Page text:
Three Months Three Months Six Months Six Months Ended Ended Ended Ended June 30, June 30, June 30, June 30, (dollars in thousands) 2014 2013 2014 2013 Income (loss) before provision for (benefit from) income taxes - historical accounting basis $ 34,690$ 41,481$ (22,336 )$ 37,642 Adjustments: Pretax operating loss - Non-Core Portfolio Operations 22,280 48,871 127,250 96,185 Pretax operating (income) loss - Other/ non-originating legacy operations 6,112 (13,113 ) 7,502 (16,948 ) Net loss from accelerated repayment/ repurchase of debt - Consumer - 1,500 1,426 1,500 Pretax core earnings $ 63,082$ 78,739$ 113,842$ 118,379 76

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Table of Contents NON-CORE PORTFOLIO



Pretax operating results for Real Estate (which are reported on a historical accounting basis) were as follows:

Three Months Three Months Six Months Six Months Ended Ended Ended Ended June 30, June 30, June 30, June 30, (dollars in thousands) 2014 2013 2014 2013 Interest income $ 134,961$ 175,618$ 288,206$ 360,574 Interest expense 94,142 139,525 204,490 292,213 Net interest income 40,819 36,093 83,716 68,361 Provision for finance receivable losses 20,615 64,805



81,989 137,053

Net interest income (loss) after provision for finance receivable losses 20,204 (28,712 ) 1,727 (68,692 ) Other revenues: Net loss on repurchases and repayments of debt - (19,600 ) (10,025 ) (19,600 ) Net gain on fair value adjustments on debt - 18,247 8,298 33,211 Net loss on sales of real estate loans and related trust assets * (22,819 ) - (84,995 ) - Other 425 1,600 (684 ) 528 Total other revenues (22,394 ) 247 (87,406 ) 14,139 Other expenses: Operating expenses: Salaries and benefits 8,847 6,493 17,373 12,990 Other operating expenses 11,243 13,913 24,198 28,642 Total other expenses 20,090 20,406 41,571 41,632 Pretax operating loss $ (22,280 )$ (48,871 )$ (127,250 )$ (96,185 )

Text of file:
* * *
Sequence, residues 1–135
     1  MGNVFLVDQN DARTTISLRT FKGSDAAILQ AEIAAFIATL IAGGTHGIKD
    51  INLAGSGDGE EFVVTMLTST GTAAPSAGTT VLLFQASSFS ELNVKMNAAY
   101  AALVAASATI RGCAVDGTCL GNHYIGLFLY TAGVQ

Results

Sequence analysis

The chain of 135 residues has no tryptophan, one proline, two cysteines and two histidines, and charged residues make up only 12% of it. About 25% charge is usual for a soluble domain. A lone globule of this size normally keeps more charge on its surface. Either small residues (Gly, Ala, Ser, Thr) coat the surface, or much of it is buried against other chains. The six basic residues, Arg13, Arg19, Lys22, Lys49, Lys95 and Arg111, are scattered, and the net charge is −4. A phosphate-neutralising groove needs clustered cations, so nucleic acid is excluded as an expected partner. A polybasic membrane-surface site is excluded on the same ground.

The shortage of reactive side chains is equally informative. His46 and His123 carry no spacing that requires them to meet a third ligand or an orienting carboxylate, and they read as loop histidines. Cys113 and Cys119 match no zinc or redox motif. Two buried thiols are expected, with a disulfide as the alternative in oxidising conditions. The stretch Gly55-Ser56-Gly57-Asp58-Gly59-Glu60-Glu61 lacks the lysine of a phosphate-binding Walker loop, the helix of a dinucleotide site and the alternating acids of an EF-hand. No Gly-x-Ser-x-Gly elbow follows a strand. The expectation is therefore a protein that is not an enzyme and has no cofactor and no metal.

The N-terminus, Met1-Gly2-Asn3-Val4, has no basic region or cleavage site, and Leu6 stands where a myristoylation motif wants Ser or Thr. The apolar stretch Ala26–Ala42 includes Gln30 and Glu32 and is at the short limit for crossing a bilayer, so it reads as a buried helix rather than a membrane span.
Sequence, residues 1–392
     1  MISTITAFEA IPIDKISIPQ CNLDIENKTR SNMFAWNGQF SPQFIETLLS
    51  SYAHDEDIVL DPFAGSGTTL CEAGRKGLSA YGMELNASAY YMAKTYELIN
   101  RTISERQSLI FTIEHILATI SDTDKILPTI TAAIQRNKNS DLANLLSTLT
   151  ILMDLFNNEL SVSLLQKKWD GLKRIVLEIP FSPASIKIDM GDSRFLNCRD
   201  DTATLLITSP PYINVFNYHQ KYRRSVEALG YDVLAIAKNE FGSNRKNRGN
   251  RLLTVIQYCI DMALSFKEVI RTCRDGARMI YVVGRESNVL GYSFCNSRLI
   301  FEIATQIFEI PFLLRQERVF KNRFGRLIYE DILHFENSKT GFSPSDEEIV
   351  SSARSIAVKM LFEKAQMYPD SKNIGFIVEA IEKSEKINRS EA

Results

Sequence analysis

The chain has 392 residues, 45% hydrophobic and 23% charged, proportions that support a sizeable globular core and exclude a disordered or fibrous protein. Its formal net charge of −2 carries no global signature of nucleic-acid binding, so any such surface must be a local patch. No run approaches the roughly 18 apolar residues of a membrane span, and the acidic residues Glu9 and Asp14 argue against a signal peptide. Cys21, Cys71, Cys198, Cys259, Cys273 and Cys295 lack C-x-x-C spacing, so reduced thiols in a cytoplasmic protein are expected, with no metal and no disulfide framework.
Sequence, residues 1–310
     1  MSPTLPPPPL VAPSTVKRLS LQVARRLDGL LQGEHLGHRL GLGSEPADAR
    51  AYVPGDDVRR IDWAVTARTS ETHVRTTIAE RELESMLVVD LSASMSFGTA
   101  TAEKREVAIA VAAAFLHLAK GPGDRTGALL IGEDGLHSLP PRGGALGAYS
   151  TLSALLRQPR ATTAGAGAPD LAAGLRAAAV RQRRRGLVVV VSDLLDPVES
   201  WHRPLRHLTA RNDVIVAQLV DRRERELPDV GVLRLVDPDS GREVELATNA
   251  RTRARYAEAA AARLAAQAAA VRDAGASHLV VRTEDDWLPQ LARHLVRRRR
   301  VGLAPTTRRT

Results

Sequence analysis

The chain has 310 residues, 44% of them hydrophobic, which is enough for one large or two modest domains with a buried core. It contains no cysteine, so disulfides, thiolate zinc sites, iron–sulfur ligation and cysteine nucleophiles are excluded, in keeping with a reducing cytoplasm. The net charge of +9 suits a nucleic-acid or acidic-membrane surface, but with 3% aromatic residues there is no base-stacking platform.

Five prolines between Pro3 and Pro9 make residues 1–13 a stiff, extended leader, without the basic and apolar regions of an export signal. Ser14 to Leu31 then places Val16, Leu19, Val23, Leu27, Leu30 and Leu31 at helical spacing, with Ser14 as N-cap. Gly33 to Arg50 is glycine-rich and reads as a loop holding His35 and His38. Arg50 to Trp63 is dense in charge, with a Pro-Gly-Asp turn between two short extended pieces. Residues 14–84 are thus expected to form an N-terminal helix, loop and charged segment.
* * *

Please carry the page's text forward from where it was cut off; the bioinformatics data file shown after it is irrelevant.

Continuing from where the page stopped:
-------------------------------------------------------------------------------- * Consistent with our segment reporting presentation in Note 16 of the Notes to Condensed Consolidated Financial Statements, we have combined the lower of cost or fair value adjustments recorded on the dates the real estate loans were transferred to finance receivables held for sale with the final gain (loss) on the sales of these loans. 77

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Selected financial statistics for Real Estate (which are reported on a historical accounting basis) were as follows:

At or for the At or for the Three Months Three Months Six Months Six Months Ended Ended Ended Ended June 30, June 30, June 30, June 30, (dollars in thousands) 2014 2013 2014 2013 Real estate Net finance receivables $ 7,196,486$ 9,776,984 Number of accounts 103,595 126,026 TDR finance receivables $ 2,949,482$ 3,047,652 Allowance for finance receivables losses - TDR $ 704,400$ 706,001 Provision for finance receivable losses - TDR $ 20,890$ 55,826 $



65,741 $ 101,607

Average net receivables $ 7,752,757$ 9,934,162$ 8,334,087$ 10,089,223 Yield 6.85 % 7.09 % 6.80 % 7.21 % Loss ratio (a) (b) 1.96 % 2.39 % 1.79 % 2.18 % Delinquency ratio 8.88 % 7.49 %

-------------------------------------------------------------------------------- (a) The loss ratio for the six months ended June 30, 2014 reflects $2.2 million of recoveries on charged-off real estate loans resulting from a sale of previously charged-off real estate loans in March 2014, net of a $0.2 million reserve for subsequent buybacks. Excluding these recoveries, our Real Estate loss ratio would have been 1.85% for the six months ended June 2014. (b) The loss ratio for the three and six months ended June 30, 2013 reflect $9.9 million of recoveries on charged-off real estate loans resulting from a sale of previously charged-off finance receivables in June 2013. Excluding these recoveries, our Real Estate loss ratio would have been 2.79% and 2.37%, respectively, for the three and six months ended June 30, 2013. Comparison of Pretax Operating Results for Three Months Ended June 30, 2014 and 2013 (dollars in thousands) Three Months Ended June 30, 2014 2013 Interest income: Finance charges $ 132,409$ 175,618



Interest income on finance receivables held for sale originated as held for investment